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Desktop app of the week: Papers 2

Papers 2 icon

I spent five years at university studying medicine, yet somehow remained completely unaware of the existence of referencing software. I don’t know how this came about, but I manually referenced every single assignment I did during my medical degree – and so did Wendy. How the existence of EndNote in particular passed us both by, I’m not entirely sure.

By the time I embarked on my Masters in 2010, I was aware of EndNote, but we were far from friends. The couple of times I’d tried to use it, I’d had nightmarish corruption errors, and had always quickly reverted to referencing by hand. With the prospect of a whole load of Masters assignments and a dissertation looming, I thought that there must be a better way. And I discovered Mendeley.

Mendeley is an excellent free reference manager. It stores your reference library in the cloud, so that you can (should you so choose) even access it via an iPhone app. I never really found a use for that feature, but Mendeley did see me through a number of Masters assignments. But Mendeley, like Endnote, has an occasional irritating moments of stubbornness, where it will claim that a document connection has become corrupted, or some such nonsense, and will require a bit of sorting out. Generally, copying and pasting the entire text into a new document did the trick, but the frequency with which this happened make me nervous.

Then, I discovered Papers 2. It’s completely brilliant. I actually don’t really understand how it works, but it doesn’t rely on flaky plugins, or any requirement to use specific word-processing software. It just works, has fully cite-while-you-write functionality with a global shortcut, and is a joy to use. It isn’t free, but does have a free trial, and offers a generous academic discount for students. It has an iOS app too, but I’ve never used it, as I still don’t understand why I’d want that functionality. It’s available on Windows as well as Mac, though I’ve never tried that version.

Before using Papers 2, I’d thought that the whole software category of reference managers was, by definition, flaky and unreliable. Yet I don’t think I’ve ever seen Papers 2 crash, and it has certainly never messed up the references in an actual written document.

Papers 2 is a total, total joy to use, both for organising papers, and for citing them. It’s an app I cannot recommend highly enough for anybody who does even vaguely academic writing. It’s completely brilliant.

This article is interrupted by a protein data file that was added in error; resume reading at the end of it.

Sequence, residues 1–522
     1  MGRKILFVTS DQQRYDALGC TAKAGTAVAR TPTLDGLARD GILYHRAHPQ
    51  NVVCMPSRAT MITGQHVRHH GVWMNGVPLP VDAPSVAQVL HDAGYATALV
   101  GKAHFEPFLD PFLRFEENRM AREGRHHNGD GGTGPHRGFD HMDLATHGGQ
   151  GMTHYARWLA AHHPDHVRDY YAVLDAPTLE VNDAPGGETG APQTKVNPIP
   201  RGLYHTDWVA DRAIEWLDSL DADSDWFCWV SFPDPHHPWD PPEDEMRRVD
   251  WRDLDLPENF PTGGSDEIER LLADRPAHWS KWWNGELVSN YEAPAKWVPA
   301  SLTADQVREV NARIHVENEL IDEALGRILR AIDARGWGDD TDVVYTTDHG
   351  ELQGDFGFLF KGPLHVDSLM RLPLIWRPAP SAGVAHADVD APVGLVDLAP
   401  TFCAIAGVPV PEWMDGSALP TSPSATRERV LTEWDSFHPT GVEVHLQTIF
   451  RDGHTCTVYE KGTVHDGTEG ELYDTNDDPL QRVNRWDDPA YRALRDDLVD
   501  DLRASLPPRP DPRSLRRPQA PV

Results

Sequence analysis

This 1,656th post was filed under: Favourite desktop apps, Technology, , , , , , .

Photo-a-day 79: Journal of Public Health

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I know journal editors have a strong proclivity for austere covers, but it is a little dull. This journal generally sits around the house for a week or so before I get round to opening it, so uninviting is its cover. I’ve made this photo monochrome since I gave up trying to accurately capture the bright orange cover colour.

I think a medical journal with a cover styled like Monocle would be fab: it would be a lovely combination of austerity, uniformity, but also inviting imagery… Though I guess the additional colours in the printing process might push costs up.

This 1,571st post was filed under: Photo-a-day 2012, , , .

Innumeracy and risk-perception in healthcare

Which of the following numbers represents the biggest risk of getting a disease? 1 in 100, 1 in 1000, or 1 in 10?

Almost 30% of Germans and 25% of Americans answered this question incorrectly in this study of statistical numeracy.

It’s an interesting reminder that healthcare professionals shouldn’t underestimate the statistical complexity of risk concepts: I think I’d previously have thought that these descriptions were fairly clear, but clearly they are not well understood.

This 1,514th post was filed under: Diary Style Notes, Health, , , , , .

Photo-a-day 38: Lacking perspective

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This has been sat on my kitchen table for a few days now… and yet I’ve only just noticed the word in the cover image. Duh.

This 1,511th post was filed under: Photo-a-day 2012, , , .


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